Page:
Pianist Stewart Goodyear has a big day tomorrow. As part of the Recital Series, the classical music brainchild of the nonprofit AT&T Performing Arts Center, Goodyear will play ten hours of Beethoven sonatas in what is being dubbed “The Sonatathon.” But before this feat of artistic endurance, the Center coordinated a visit to Booker T. Washington High School for the Performing and Visual Arts, where he and Katie Womack, the classical music critic for D Magazine, led a discussion among music students. Here are the Center’s favorite tidbits from the day.
The best advice given to Goodyear as a young musicians was: “On stage, be a god. Off stage, be a mortal.”
As far as his advice for young artists, Goodyear had three bits of wisdom to impart.
- Study the business as well as your art.
- Never stop creating or thinking out of the box.
- Do something that really speaks to you and not because it’s a job.
Goodyear chooses to play all the sonatas in one day to provide a different lens on Beethoven. He says, “It’s so interesting when audience members tell me they’ve never heard that side of Beethoven: the humorous side or the very vulnerable side. There are a lot of sides that hardly get showcased when programming Beethoven. That’s one of the reasons I always wanted to do it in one suite; you get so many layers of humanity in the Sonatathon.”
When not practicing his Sonatas, Goodyear is jamming out to Kendrick Lamar.
The first piano sonata that Goodyear composed was inspired by the music he heard at his high school prom. In the first movement, he uses music you can jump up and dance to, while the second features a ballad and the third is “the craziest,” mirroring where his prom was held: Times Square in New York City.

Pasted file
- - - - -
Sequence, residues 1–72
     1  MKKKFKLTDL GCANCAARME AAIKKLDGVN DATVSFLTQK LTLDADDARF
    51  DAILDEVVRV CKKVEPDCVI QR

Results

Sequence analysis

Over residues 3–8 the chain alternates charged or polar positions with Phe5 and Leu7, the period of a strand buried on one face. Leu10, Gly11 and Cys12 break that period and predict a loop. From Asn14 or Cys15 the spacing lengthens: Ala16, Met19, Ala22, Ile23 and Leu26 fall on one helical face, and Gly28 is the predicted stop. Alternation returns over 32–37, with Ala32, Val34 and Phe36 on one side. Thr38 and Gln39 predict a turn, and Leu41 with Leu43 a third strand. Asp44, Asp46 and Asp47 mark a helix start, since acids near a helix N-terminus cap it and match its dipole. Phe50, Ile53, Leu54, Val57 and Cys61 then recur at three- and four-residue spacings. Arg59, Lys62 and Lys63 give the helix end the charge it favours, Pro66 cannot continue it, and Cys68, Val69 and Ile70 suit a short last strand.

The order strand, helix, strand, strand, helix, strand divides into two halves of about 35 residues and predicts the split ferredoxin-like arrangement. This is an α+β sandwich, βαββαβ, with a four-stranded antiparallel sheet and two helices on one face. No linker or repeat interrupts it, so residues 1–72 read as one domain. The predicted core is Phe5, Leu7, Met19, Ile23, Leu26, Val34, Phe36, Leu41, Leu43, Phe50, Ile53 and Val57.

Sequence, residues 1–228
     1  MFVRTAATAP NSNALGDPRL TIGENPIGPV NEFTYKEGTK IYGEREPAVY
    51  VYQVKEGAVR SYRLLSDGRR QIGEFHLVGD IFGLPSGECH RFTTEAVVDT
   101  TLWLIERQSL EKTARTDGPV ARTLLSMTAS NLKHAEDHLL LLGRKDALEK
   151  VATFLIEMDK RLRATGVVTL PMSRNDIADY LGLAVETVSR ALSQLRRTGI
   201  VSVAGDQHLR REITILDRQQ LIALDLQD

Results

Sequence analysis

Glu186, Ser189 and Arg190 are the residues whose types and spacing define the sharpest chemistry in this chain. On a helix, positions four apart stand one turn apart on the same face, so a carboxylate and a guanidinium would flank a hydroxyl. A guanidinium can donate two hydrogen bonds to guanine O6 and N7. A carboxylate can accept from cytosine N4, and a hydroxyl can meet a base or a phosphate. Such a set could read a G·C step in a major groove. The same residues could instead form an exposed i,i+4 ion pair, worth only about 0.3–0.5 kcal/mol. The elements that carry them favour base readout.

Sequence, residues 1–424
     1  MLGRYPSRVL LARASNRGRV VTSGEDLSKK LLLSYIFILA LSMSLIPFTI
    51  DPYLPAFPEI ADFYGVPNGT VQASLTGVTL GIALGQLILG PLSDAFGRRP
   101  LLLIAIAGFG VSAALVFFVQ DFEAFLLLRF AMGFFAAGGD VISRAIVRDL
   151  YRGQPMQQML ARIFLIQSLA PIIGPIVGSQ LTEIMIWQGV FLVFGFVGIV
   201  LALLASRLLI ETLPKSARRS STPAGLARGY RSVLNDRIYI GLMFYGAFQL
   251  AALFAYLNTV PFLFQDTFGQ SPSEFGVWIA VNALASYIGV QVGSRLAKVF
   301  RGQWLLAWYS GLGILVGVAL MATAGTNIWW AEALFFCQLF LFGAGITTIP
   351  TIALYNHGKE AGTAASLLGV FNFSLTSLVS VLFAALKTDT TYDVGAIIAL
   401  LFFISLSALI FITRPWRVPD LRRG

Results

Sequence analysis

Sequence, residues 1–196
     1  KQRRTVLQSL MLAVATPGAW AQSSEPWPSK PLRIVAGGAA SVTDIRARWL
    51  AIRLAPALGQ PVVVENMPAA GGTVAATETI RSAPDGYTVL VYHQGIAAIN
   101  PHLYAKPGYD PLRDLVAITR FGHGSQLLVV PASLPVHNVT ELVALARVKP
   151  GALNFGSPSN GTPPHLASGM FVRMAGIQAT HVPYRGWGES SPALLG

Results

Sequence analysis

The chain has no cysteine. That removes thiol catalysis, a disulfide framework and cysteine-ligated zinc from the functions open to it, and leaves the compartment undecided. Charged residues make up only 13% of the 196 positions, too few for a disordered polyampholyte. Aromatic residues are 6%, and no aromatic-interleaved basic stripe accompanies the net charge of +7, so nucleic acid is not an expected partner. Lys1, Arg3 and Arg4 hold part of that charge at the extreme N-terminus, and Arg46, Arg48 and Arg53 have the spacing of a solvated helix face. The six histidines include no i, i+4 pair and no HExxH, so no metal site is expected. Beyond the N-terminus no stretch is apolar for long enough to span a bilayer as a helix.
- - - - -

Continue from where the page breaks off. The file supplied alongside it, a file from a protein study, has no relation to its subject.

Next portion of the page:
Goodyear uses the Rolling Stones and James Brown to pump him up. In between performance breaks, Goodyear plays James Brown (who he calls Vitamin JB) or watches live shows of The Rolling Stones, particularly the concert at Hyde Park in 1969 where Jagger goes “absolutely crazy.”
Stewart Goodyear knows how to have a good time with his music. The students from Booker T. asked Goodyear for some fun pop favorites, and he treated them with music from the original Super Mario Brothers (levels one and two), Queen’s “Bohemian Rhapsody” and the Star Wars theme song, just to name a few.
When composing, Goodyear is a big fan of Calypso. Goodyear, who is half Trinidadian, became enamored with the Calypso music native to his heritage. In fact, he utilizes Calypso “quite a lot” whenever he composes.
Stewart Goodyear’s favorite work is Suite No. 2, a composition for two pianos by Sergei Rachmaninoff.
Given the choice to learn with any piano teacher, Goodyear picks jazz pianist Art Tatum. Goodyear tells the students that Tatum has “fingers like rockets.”
Throughout the discussion, Goodyear took the time to play for students in an extemporaneous but still amazing display of his talent. Moderator Katie Womack ended the day with some solid advice to the Booker T. students about the Sonatathon. “This is a once-in-a-lifetime thing. You don’t want to miss this.”